Today was one of those mornings. The alarm went off, and my instinct was to will it away. It took a Herculean effort to wake my children, get them moving, dressed, fed and ready for school. Then came the push to the car. Please, please, please go to school. I snuck a few glances on Facebook – yes I am a social media junkie – hoping not to find heartbreaking news of daily terror attacks on Israeli children, women, men. Barely making the news in recent days is an incessant barrage of daily attacks on Jews in Israel and the burning of one of Judaism’s holy sites Joseph’s tomb, preserved for over 2000 years. This morning, a declaration of a Palestinian “Day of rage’ resulting in riots, the firebombing of Jewish family of 5, including a 4-year old girl and an Israeli soldier stabbed by a 16 year old Palestinian boy. And then, just like that, on with the rest of my day, drop the kids at school, get to work.
Israeli families across the country woke up to almost exactly the same kind of morning. Mothers confronted with tantrums, searches for that missing uniform sweater ensuring the kids miss the 8:15 bell, the nurse on her way home from a grueling night shift, or the young graduate rushing to get to his first day on the job.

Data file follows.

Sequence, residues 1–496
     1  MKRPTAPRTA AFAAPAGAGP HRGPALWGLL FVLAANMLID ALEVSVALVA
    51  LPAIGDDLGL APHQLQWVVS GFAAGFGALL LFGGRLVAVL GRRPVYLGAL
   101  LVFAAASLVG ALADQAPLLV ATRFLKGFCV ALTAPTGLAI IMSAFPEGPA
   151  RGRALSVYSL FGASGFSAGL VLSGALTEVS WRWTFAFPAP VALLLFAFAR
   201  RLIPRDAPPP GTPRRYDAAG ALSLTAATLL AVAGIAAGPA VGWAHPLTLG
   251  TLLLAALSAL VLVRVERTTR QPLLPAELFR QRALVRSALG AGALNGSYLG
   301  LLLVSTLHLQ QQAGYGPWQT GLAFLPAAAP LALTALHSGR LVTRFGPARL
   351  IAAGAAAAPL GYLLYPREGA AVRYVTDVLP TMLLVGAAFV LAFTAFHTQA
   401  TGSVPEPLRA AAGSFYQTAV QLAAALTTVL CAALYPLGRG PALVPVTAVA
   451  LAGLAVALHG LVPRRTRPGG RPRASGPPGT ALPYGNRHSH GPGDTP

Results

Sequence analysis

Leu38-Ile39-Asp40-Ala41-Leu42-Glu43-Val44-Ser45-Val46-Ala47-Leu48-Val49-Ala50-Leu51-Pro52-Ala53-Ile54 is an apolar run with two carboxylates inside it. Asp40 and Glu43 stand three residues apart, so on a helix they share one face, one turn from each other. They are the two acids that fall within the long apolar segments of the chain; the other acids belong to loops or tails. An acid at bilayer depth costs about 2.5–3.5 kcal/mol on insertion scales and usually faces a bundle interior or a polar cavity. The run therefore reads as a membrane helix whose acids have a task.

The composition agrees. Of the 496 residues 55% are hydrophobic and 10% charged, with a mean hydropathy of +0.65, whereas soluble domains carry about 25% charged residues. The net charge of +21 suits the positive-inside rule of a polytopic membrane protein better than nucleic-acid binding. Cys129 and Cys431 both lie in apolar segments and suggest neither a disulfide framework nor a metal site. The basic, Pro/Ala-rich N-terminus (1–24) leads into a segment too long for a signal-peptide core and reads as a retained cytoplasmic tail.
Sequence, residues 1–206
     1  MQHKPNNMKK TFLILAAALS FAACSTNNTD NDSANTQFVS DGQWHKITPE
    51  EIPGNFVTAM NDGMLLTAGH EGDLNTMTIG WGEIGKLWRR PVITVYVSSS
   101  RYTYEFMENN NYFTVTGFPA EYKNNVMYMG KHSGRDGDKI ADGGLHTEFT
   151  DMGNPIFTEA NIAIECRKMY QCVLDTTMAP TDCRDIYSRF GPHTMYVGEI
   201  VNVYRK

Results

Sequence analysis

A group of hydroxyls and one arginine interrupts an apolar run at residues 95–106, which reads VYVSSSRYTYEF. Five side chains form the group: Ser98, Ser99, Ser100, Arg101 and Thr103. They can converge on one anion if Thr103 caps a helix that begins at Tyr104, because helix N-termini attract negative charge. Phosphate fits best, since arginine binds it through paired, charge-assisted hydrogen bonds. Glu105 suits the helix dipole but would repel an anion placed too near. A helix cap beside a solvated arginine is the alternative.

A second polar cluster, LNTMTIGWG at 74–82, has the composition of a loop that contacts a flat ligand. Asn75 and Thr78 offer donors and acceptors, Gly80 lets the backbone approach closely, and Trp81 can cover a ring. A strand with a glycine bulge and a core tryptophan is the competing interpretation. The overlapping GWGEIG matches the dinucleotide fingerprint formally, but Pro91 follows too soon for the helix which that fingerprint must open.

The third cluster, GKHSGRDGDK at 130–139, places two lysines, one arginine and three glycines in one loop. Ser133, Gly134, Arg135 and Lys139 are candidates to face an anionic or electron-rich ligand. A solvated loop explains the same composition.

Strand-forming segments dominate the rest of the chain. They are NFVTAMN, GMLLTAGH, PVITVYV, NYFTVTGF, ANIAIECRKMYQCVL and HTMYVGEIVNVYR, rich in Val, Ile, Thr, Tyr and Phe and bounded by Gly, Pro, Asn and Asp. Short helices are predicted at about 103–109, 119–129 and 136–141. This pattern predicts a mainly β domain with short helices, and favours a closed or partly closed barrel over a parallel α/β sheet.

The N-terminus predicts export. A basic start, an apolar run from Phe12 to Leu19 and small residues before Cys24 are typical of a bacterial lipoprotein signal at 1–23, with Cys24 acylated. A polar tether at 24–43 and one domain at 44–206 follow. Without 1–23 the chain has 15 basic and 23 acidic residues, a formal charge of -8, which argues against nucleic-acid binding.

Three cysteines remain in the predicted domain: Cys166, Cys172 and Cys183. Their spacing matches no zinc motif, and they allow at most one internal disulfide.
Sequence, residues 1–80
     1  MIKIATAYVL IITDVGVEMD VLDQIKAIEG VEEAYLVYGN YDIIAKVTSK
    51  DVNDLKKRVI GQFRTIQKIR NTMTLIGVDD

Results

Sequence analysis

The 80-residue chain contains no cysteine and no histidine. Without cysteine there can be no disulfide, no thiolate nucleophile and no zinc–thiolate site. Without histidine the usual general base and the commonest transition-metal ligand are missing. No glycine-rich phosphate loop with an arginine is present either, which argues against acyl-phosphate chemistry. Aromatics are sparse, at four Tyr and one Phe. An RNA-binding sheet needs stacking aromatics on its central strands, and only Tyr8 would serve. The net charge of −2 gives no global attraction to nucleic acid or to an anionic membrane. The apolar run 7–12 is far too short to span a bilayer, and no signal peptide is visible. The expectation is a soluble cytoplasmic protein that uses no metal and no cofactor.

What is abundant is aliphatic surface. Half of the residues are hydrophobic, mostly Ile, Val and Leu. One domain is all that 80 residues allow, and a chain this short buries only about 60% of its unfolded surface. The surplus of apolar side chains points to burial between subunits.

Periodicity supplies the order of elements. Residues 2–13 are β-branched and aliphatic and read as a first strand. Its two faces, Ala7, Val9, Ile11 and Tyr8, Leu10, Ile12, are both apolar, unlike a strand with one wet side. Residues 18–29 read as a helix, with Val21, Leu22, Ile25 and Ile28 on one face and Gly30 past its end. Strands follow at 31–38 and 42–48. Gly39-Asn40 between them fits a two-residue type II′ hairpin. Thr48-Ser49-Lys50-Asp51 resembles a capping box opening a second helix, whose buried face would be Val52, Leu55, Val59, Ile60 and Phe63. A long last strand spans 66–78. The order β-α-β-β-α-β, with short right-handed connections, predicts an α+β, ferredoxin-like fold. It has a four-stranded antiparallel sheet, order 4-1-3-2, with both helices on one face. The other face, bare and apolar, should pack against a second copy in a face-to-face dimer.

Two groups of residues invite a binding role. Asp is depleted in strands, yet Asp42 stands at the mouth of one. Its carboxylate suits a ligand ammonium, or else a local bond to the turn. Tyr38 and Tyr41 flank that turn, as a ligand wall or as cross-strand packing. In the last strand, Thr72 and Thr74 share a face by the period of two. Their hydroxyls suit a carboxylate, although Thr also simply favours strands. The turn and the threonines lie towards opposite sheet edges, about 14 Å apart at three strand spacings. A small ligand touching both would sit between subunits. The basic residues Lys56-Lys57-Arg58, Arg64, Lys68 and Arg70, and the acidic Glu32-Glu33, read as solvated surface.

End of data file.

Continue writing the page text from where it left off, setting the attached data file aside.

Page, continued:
Almost the same, but with one big difference: the horrors on Facebook and Twitter are happening – live – just blocks away from, their houses, their schools, and their bus stops. With reports of random brutal stabbings just minutes away, I can only try to imagine the courage they had to summon just to go about their day. I don’t begin to pretend I know the leap of faith it takes this week in Israel to wait at a bus stop, let your 13-year-old ride his bike or go to the once-crowded market for a favorite treat, but they do it every day.
What I do know is that, this morning, thousands of kilometers away, an ocean between us, I took a deep breath when I dropped my kids off, and I waited an extra minute or two to see them safely inside. The posts of friends and family in Israel betray a far more profound fear and concern over a very real and present danger.
What I also know is that, while Jews around the world are hoping that tomorrow will see an end to the unrelenting attacks, the Palestinian Authority and Hamas continue to incite terror and celebrate the terrorists in their midst.
The deafening silence from the UN and world leaders at the murder of Jews is not only shocking but also heartbreaking – because it ensures that the terror will continue.
Until the Palestinian leadership stops inciting hatred and rewarding terrorism…
Until the UN stops turning a blind eye to Palestinian terror and hatred…
Until Arab Israelis and Palestinians find the courage to demand better from their political leadership and, like Israeli-Arab journalist Lucy Aharish and Nazareth Mayor Ali Salem, condemn Arab leaders for fanning the flames of conflict…
Then, perhaps then, we will see a path to peace.
Follow her on twitter @ecijaq